YEREVAN, November 22. /ARKA/. The government of Armenia has approved today a set of amendments to the Criminal Code and the Law on the Constitutional Court, which according to the Minister of Justice Rustam Badasyan, are another step towards reforming the justice system.
“The main goal of the proposed changes is to provide effective and complete grounds for verification of court judges’ property, professionalism, respect for human rights, impartiality, the possibility of making decisions regardless of certain ties and external influences (vetting),’ the minister said.
According to Badasyan, the vetting should not be carried out by using temporary tools and should not be temporary. The process will be permanent and the judges, after the adoption of the changes, will constantly go through the vetting process. He said no special body will be created to that end; the Supreme Judicial Council will be responsible for handling the issue.
The minister emphasized that under the proposed changes liability for committing a violation is possible only if it is committed intentionally or is of malicious negligence nature.
A violation of international obligations undertaken by Armenia in the field of protecting human rights may become a basis for initiating disciplinary proceedings against judges. The list of disciplinary fines has been expanded to include moderate penalties.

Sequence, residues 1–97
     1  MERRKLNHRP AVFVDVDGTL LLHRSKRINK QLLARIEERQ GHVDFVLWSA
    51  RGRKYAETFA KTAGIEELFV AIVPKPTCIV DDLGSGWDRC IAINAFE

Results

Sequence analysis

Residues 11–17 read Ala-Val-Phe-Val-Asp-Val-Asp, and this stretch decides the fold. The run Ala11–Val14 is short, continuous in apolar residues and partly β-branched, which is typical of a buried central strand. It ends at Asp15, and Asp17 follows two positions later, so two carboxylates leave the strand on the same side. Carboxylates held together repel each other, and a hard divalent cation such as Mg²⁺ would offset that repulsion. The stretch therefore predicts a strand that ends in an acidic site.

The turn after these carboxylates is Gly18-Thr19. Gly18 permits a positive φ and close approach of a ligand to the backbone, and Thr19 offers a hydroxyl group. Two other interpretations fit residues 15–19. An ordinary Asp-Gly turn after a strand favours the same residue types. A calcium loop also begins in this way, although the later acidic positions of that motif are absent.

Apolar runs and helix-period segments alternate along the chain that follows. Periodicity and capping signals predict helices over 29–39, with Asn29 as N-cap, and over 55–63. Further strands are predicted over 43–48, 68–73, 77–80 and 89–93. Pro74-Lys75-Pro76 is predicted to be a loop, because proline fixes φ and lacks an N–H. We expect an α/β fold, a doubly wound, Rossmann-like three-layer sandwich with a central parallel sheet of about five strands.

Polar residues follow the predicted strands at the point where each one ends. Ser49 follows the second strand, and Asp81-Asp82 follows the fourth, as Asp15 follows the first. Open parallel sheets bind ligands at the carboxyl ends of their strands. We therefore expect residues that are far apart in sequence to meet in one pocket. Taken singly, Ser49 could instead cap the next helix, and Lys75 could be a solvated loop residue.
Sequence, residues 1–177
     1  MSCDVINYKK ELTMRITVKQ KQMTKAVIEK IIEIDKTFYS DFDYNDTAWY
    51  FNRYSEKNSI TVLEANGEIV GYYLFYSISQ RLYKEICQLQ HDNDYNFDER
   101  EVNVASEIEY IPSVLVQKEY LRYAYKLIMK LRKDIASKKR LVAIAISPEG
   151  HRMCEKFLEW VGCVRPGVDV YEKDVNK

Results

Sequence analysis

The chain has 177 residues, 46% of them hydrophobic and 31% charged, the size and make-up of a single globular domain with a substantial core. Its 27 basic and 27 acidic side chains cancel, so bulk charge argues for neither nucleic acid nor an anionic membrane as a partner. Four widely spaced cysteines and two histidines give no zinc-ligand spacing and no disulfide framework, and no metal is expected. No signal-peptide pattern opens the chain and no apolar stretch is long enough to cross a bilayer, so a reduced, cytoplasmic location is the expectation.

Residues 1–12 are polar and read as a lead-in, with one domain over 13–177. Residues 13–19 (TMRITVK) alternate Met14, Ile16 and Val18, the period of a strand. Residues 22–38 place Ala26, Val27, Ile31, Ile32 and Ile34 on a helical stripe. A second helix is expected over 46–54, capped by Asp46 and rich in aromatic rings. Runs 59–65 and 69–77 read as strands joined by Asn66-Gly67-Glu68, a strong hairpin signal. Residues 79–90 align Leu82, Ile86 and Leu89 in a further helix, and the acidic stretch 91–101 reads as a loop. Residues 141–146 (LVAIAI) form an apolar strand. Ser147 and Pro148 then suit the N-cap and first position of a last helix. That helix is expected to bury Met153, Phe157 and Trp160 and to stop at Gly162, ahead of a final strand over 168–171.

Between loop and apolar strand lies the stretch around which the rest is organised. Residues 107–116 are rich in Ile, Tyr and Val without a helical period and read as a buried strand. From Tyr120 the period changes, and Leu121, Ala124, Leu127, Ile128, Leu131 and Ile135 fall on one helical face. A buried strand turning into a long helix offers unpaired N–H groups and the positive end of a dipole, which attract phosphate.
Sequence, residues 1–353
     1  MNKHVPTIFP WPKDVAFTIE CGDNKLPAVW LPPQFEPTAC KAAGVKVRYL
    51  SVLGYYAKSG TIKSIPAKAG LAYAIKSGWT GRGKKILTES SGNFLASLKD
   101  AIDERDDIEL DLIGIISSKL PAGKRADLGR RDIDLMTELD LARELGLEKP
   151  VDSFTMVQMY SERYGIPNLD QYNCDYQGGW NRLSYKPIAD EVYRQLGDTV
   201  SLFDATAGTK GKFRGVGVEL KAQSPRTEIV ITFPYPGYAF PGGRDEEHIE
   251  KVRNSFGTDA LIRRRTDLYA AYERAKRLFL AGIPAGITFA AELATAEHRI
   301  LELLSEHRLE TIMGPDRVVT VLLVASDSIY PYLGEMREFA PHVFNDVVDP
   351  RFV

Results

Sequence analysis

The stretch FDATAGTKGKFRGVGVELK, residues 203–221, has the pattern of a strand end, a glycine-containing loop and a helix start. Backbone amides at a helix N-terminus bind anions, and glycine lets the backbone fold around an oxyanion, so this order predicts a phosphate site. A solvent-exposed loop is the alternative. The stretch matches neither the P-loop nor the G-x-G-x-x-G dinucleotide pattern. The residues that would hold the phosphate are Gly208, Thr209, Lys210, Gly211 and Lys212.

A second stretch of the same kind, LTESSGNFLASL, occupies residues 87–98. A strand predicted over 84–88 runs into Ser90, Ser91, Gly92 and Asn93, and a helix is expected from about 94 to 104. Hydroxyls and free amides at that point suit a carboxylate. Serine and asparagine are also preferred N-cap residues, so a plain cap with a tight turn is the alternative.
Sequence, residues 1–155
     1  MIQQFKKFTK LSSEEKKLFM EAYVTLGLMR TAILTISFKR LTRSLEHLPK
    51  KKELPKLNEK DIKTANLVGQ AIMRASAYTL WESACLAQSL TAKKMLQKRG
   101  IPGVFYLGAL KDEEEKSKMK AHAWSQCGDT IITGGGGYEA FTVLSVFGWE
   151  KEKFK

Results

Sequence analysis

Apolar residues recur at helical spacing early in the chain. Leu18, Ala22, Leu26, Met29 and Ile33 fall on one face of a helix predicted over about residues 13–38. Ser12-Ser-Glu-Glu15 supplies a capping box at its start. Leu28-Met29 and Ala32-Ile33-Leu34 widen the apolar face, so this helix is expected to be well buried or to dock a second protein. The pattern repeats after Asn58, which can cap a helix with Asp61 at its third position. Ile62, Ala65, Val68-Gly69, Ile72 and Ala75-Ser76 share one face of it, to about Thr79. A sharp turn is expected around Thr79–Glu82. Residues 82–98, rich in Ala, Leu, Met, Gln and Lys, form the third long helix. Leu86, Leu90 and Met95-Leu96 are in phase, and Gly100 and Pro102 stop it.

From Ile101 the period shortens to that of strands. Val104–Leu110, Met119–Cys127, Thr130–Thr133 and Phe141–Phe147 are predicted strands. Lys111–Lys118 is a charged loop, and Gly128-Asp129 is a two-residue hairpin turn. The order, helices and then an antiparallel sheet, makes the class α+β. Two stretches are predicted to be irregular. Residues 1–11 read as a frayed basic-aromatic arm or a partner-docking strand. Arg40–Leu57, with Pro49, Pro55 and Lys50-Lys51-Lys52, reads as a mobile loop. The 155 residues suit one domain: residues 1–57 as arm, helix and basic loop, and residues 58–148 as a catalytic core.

In addition, the Commission on the Prevention of Corruption is given the right to initiate disciplinary proceedings if the judges’ property and income declarations contain wrong information.
Also the Disciplinary Committee consisting solely of judges elected for five years will be replaced by the Commission on Ethics and Discipline, whose members are to be elected for a term of two years. The latter is to include not only judges, but also lawyers proposed by public organizations.
The minister also noted that in the future it will be necessary to carry out constitutional changes to provide for an opportunity to appeal against decisions on disciplinary proceedings in view of the fact that under current law decisions of the Supreme Judicial Council are final and not subject to appeal.
He also said that when hiring judges, a psychological test will be carried out additionally, and the age limit will be reduced from 28 years to 25 years.
The minister said the Law On the Constitutional Court has been amended, in particular, regarding the issue of submitting a declaration of property and income to the Commission on the Prevention of Corruption. In order to initiate disciplinary proceedings, the Commission should appeal to the National Assembly, which, in turn, may appeal to the Constitutional Court to terminate the powers of a judge on the basis of a real disciplinary violation.
In order to ensure effective fight against corruption, the changes propose to expand the concept of “family”, as well as introduce a mechanism for the mandatory submission of situational declarations. Responsibility is provided for failure to fulfill these obligations. At the same time, the changes offer the possibility to appeal the decision on the requirement to provide a situational declaration.